I asked Lise, “how big will it be in Norway, if Torill wins? Will they throw a parade and erect statues in her honor?” She laughed and said, “We hope so.” But she also made an interesting comment about he nature of fame and success in Norway. Norwegians, she said, seem to hate people who get too famous. Some very much rejected the idea of Liv Ullmann providing the voice over for the film. It’s surprising that in the States several people, including myself, couldn’t think of a better voice. Ullman’s tone and delivery matches Torill’s low-key, sardonic humor perfectly. As for distribution, she told me that in the main theater in Oslo, there is a free screening at 6 pm on weekends of short Norwegian productions. Additionally, studios in Norway still have the opportunity to distribute their films before feature films much like the U.S. in the 1940s. However, just like the States now, the theaters want shorter shorts around five minutes long so that they can fit in more screenings of the features in a day.
After we all finished eating, we were treated to a thorough tour of the new animation studio. Our tour guide Jay took us first into the new coffee lounge, which was proposed courtesy of John Lasseter as an area for the artists to gather, relax and communicate. Disney provides an extensive reference library for the artists to use for inspiration and a recording of the Oscar Showcase will be added to that collection. The building is set up to hold two full productions. Each production has its own pod. Currently, the studio is about to wrap on Meet the Robinsons and is gearing up to finish American Dog. The various pods are filled with artwork and style inspirations. American Dog has a very unique look unlike anything Disney has made in CG thus far. The style is inspired by the work of painter Edward Hopper. Some of the cinematic references that were posted include Robert Altman’s McCabe and Mrs. Miller and Thelma and Louise. The pods are also decorated in a similar style to that of the picture. The American Dog pod includes an authentic 1950s dinner and refrigerator.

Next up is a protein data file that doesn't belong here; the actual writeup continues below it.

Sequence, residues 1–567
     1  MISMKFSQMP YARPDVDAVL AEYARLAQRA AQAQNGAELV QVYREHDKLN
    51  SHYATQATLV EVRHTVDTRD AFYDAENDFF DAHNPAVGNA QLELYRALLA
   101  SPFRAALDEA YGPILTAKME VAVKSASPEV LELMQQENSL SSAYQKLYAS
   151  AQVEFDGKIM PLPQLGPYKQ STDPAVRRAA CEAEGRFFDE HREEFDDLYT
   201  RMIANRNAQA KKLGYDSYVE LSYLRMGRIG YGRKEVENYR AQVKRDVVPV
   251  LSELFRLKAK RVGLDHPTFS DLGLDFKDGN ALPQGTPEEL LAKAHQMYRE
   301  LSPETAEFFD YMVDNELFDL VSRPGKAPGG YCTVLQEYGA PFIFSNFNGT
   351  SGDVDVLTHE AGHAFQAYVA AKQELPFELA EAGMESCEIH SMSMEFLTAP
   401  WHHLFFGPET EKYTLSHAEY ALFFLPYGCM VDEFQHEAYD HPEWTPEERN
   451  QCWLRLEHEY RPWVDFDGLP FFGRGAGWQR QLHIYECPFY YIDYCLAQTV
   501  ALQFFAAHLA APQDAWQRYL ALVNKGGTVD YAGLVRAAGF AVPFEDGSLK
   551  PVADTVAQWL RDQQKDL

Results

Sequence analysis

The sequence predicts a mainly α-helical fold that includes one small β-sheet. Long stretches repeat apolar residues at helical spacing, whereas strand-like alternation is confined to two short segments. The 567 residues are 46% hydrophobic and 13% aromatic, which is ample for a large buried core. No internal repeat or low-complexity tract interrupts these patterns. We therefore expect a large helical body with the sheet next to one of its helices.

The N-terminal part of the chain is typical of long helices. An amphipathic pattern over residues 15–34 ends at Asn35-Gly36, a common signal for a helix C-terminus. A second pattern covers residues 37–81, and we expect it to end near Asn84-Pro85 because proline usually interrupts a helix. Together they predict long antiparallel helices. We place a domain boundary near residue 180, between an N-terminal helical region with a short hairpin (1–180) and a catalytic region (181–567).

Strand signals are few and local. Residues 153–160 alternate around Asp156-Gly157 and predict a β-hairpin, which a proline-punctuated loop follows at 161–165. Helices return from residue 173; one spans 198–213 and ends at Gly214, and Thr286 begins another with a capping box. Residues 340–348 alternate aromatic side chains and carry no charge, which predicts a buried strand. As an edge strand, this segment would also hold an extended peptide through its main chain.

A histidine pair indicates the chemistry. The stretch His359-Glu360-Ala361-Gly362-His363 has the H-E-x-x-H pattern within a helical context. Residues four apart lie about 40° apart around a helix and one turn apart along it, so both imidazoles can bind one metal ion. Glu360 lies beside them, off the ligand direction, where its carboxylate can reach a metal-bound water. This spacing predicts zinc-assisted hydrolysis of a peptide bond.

Jay shows us the secret behind the star. © AWN Inc.
Ever wonder what’s in the sorcerer’s apprentice’s hat, which tops the animation building at Disney? Well, originally it was Roy Disney’s office, however the curved, striped walls cause a feeling of vertigo. An interesting factoid about the room was that at the time it was built, Roy smoked and was going to be the only person allowed to smoke in the building. So a special air ventilation system was installed in the sorcerer hat bookshelf so that the smoke would be filtered outside. However, Roy quit smoking soon before moving into the office, which he only stayed in for two weeks anyway. Now the room is used as a conference room. And another secret factoid that Jay shared was that the middle star in the bookshelf actually pops out to provide access to the ventilation system, which was something no one knew about until someone investigated why the middle star was the only star on the bookshelf to have a dark border around it.